South-Western - Management  
A New Generation Gap: Differences Emerge Among Women in the Workplace
Topic Managing Individuals and Teams
Key Words Generation X, Generation Y, Baby Boomers, women as mentors
News Story

Male managers tend to interact with younger male subordinates in the way they always have, some in a paternal or some in a jocular manner. But for female leaders in the workforce, navigating generational relationships is a relatively new and extremely challenging phenomenon.

Females from Generation X (born between 1965 and 1980) are finding a clear generation gap with those in Generation Y (born after 1980), while baby boomers (1946 to 1964) or the World War II generation often have difficulty relating to women born at other times. The miscommunication and different priorities of the groups is hampering mentoring relationships between women and damaging productivity.

Workplace researchers have been studying the effects of four generations of women coming together in the workforce. 500 leaders gathered at the Women Presidents' Organization conference in Chicago to discuss the challenge of managing women of all ages.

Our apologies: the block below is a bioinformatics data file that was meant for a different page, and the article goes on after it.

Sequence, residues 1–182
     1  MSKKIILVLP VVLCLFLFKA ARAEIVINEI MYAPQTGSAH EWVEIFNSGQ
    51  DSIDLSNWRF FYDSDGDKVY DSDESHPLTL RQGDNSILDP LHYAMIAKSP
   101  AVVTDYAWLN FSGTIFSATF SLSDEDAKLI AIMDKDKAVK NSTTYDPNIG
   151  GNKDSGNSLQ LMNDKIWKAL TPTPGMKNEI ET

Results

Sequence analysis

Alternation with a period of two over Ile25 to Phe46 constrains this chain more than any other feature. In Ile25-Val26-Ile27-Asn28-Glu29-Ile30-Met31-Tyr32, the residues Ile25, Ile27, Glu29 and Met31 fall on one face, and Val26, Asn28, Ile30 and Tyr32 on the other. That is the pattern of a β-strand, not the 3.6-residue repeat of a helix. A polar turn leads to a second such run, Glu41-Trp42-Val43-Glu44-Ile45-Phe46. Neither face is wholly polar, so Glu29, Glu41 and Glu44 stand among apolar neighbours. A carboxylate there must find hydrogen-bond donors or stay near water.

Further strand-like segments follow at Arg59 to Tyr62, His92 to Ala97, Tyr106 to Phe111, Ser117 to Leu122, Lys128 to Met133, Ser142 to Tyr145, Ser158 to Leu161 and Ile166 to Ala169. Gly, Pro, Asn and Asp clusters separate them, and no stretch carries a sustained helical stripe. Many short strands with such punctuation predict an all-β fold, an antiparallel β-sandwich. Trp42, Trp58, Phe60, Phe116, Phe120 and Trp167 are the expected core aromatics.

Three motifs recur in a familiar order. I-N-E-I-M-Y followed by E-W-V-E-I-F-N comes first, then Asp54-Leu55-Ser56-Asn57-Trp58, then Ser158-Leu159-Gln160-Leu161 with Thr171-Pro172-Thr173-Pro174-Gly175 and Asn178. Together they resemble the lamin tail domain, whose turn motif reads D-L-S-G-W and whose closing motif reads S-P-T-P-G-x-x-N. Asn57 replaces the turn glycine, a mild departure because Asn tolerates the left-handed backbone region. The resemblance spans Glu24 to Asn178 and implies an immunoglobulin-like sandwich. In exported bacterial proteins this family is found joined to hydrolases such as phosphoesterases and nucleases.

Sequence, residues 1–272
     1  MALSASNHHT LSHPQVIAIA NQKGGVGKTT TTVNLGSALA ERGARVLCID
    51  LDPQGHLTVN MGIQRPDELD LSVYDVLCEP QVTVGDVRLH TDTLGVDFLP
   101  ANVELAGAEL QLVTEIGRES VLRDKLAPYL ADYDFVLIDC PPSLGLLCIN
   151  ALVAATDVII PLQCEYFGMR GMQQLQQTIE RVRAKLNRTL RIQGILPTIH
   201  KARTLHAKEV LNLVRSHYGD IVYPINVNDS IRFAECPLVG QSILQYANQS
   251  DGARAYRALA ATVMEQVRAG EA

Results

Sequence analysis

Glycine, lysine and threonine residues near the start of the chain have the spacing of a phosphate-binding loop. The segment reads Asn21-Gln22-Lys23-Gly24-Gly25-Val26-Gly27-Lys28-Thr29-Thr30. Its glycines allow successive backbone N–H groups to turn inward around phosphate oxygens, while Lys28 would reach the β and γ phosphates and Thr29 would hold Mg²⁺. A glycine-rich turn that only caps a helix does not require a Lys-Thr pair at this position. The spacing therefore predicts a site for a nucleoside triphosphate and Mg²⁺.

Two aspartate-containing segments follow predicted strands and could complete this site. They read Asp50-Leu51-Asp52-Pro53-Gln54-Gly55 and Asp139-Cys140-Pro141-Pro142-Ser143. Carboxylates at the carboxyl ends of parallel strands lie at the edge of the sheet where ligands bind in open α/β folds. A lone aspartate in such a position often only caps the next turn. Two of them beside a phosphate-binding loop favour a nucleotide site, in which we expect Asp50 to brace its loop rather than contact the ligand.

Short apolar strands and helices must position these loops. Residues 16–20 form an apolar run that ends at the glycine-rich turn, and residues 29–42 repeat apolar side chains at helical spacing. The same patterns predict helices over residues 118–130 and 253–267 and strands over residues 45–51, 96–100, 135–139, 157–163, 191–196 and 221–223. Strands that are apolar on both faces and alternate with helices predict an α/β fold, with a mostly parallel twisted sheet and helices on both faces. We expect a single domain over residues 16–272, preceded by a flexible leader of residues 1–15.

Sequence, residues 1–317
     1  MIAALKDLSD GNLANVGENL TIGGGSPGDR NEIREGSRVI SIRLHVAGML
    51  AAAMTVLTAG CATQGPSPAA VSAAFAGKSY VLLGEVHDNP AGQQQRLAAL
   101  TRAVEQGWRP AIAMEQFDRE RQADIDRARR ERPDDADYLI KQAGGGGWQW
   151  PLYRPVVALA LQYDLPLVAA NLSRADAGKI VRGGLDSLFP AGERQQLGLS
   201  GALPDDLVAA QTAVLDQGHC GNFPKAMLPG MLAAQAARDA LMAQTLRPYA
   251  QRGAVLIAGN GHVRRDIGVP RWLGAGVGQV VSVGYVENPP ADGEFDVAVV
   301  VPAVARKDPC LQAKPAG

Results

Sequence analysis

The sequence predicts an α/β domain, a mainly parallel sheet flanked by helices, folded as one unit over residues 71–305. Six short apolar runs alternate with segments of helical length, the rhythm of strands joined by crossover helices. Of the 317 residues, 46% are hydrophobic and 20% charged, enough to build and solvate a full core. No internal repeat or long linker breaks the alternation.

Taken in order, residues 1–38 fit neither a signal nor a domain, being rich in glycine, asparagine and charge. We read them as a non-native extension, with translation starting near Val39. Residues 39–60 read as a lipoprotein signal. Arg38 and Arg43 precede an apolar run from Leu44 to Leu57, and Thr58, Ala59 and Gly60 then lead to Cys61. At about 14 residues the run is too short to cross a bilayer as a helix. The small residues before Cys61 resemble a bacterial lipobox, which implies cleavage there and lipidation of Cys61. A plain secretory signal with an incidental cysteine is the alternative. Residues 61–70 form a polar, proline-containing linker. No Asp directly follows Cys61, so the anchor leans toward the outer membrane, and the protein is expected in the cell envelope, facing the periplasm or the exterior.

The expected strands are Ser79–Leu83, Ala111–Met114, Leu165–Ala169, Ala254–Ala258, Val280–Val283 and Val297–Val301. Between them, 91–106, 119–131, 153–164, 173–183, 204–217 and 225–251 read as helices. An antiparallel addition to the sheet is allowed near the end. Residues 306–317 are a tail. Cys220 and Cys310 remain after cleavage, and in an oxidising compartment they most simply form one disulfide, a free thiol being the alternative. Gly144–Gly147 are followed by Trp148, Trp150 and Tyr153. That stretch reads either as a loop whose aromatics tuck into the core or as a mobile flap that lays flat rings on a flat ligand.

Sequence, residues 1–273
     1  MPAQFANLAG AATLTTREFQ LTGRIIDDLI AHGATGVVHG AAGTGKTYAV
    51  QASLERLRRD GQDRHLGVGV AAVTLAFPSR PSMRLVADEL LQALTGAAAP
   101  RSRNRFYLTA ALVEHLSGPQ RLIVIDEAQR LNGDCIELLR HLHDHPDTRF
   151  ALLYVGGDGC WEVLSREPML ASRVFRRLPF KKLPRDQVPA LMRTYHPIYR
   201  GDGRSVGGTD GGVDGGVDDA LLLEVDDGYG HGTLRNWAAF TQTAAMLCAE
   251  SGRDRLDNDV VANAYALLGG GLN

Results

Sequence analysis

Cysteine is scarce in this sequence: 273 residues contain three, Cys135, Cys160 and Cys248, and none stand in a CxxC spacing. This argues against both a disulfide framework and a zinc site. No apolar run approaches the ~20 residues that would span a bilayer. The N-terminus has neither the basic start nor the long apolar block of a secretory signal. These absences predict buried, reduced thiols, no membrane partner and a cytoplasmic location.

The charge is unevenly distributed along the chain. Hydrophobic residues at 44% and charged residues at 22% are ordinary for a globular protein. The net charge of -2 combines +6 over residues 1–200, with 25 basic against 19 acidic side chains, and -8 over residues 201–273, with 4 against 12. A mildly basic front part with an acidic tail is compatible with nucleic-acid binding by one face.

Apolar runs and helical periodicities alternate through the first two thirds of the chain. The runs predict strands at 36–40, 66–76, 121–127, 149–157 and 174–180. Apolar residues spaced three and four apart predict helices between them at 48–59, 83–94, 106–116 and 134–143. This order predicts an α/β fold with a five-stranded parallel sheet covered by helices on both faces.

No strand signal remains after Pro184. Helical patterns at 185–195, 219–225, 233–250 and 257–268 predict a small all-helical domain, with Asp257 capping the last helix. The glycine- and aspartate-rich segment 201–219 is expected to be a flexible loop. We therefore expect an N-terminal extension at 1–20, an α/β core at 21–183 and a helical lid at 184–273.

Older women tend to feel that younger women don't want to work hard and put in long hours. Meanwhile, younger women complain that older colleagues and bosses aren't relevant or helpful to them. Many older women are reluctant to be mentors, and have the attitude that things were tough when they started in business and no one helped them, so younger women should have the same struggles and do it on their own. .

In a study of 500 women, Susan Shapiro-Barash, a gender studies professor at Marymount Manhattan College found that 70% of women felt that male bosses treated them better than female bosses. The same study found that women over age 50 would prefer to mentor another woman in their 20s than one in her late 30s or early 40s. When asked for a reason, Barash discovered that baby boomers are wary of women who might "get her job next."

Source A New Generation Gap: Differences Emerge Among Women in the Workplace, Wall Street Journal. May 4, 2006, page D1.
Questions
1.

There are four generations currently working together in the workplace. The article points out that the generational differences are particularly challenging for women leaders. List at least three problems caused by generational differences in the workplace for women.

2.

The article mentions four generations: Generation X, Generation Y, Baby Boomer and World War II era. Each generation is known for having certain characteristics and a unique approach to work. Research the generations in your textbook or online. What are the defining characteristics of each generation?"

3.

Is there any danger in stereotyping based on generation? Explain.

4.

In your opinion, what steps can be taken to help workers of all generations work together better?

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